Wu, David (2019 forthcoming). グローバル政治におけるディアスポラ汎中国料理の創出. In K. Iwama, ed. Chinese Cuisine in East-Asia. Tokyo: Institute of East-Asian Studies, Keio University.

Yokying, Phanwin, and Isabel Lambrecht (2019). Landownership and the gender gap in agriculture: Disappointing insights from Northern Ghana. IFPRI Discussion Paper 1847. Washington, DC: International Food Policy Research Institute (IFPRI).

This paper analyzes how land ownership is associated with agency and achievements in agriculture among female and male farmers in northern Ghana, a region transitioning from customary land tenure without individual ownership rights towards a more individualized and market-based tenure system. Our estimates indicate that landownership is positively correlated with men’s and women’s agency in agriculture, namely in decisions on agricultural cultivation and membership in agricultural associations. Yet, we also find that gender gaps in participation in cultivation decisions, the use of agricultural earnings, and agricultural workload persist among those who own land. While the results underscore the importance of land as a resource that can enhance women’s agency, they also point out that policies aiming to solely advance land rights may not be sufficient to eradicate or even reduce gender inequality in agriculture.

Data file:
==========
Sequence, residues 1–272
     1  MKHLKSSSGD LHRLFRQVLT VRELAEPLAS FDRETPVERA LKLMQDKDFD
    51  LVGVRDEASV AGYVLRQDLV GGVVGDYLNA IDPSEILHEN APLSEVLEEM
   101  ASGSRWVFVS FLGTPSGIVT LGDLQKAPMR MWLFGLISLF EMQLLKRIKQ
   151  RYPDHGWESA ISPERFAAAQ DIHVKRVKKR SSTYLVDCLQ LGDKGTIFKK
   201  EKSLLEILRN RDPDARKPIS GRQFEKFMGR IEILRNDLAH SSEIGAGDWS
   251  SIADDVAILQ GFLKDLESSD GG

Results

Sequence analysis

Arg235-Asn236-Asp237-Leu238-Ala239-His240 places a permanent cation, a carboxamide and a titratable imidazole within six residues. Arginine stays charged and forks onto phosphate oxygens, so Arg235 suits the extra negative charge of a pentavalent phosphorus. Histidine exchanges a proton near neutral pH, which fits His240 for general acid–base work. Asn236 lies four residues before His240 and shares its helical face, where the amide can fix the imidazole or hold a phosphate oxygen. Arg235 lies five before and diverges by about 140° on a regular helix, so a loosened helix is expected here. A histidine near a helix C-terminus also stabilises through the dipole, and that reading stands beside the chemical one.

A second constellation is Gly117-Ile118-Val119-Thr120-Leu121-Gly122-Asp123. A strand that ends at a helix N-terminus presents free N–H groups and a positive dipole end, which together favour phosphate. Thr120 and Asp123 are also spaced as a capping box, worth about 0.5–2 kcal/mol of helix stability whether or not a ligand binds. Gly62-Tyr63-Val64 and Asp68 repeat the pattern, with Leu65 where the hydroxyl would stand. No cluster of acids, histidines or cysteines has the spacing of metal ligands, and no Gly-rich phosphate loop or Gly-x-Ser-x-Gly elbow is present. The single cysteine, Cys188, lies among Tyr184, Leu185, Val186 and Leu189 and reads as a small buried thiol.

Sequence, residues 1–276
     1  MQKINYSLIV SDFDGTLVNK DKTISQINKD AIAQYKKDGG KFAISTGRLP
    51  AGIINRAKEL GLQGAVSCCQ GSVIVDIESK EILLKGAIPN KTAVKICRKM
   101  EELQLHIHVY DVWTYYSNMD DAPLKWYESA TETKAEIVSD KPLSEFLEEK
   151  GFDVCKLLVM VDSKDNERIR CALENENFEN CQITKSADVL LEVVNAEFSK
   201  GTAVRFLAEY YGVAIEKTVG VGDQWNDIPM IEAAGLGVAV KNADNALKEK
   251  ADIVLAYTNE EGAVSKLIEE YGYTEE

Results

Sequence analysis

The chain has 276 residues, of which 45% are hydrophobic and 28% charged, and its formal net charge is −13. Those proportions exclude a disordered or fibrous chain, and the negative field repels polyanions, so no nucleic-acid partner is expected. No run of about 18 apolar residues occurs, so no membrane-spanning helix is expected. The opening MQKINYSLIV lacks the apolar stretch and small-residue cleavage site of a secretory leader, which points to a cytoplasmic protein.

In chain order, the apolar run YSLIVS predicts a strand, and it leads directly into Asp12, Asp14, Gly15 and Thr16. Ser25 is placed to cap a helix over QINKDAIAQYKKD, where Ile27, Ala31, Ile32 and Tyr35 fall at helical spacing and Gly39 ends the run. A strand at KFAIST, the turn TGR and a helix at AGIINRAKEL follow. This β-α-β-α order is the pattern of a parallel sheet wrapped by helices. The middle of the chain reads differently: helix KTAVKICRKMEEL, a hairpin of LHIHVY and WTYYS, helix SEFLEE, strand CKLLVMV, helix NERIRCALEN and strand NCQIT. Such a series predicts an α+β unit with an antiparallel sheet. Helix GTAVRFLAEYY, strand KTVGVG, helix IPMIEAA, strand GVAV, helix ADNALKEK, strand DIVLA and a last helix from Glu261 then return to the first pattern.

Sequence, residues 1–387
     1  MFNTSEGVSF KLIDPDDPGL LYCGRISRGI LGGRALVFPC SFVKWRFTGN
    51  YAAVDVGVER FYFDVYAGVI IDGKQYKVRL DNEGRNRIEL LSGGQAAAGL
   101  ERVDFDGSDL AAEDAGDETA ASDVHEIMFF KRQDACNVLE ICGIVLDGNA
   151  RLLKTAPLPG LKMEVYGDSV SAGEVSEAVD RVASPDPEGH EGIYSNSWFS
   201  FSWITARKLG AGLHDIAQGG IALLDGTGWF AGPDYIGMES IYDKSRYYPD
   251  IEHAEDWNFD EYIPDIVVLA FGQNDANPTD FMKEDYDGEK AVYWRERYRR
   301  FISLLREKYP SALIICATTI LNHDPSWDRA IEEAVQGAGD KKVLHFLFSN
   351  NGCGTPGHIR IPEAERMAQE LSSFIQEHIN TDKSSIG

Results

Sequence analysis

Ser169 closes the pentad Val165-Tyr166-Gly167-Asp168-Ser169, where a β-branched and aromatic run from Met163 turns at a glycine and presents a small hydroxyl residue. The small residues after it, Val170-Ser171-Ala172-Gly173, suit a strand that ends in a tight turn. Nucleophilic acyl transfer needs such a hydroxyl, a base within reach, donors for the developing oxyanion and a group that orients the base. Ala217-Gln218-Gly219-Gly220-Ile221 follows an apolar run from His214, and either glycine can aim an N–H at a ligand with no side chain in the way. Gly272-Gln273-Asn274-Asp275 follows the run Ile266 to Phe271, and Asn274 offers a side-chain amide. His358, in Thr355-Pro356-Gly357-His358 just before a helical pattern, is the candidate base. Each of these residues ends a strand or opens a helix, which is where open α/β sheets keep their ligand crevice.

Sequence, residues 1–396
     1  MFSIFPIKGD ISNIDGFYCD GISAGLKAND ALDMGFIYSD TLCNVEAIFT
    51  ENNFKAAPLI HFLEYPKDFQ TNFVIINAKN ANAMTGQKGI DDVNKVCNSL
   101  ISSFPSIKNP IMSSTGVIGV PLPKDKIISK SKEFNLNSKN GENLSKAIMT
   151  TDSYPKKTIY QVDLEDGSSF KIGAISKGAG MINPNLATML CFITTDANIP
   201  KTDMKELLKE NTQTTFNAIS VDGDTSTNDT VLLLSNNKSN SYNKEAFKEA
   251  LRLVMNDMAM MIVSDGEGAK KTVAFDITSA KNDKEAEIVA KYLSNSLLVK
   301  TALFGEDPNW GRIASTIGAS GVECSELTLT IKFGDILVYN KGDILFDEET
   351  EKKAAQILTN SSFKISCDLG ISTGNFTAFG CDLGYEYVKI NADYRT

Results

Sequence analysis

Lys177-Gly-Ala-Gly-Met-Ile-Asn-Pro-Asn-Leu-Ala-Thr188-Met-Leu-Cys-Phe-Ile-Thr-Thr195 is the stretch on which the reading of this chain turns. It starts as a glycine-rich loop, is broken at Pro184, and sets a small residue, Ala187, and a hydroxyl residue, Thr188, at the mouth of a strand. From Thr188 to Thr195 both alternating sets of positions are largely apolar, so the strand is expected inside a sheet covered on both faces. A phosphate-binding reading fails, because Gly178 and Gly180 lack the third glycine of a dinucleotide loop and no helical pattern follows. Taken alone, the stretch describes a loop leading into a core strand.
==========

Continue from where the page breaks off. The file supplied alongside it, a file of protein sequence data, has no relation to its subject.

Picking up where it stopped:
Full Lists of Publications by East-West Center Authors

* Publications on Environmental Issues

* Publications on Population and Health

* Publications on Innovation, Economic Integration, and Growth

* Publications on Governance, Security, and Justice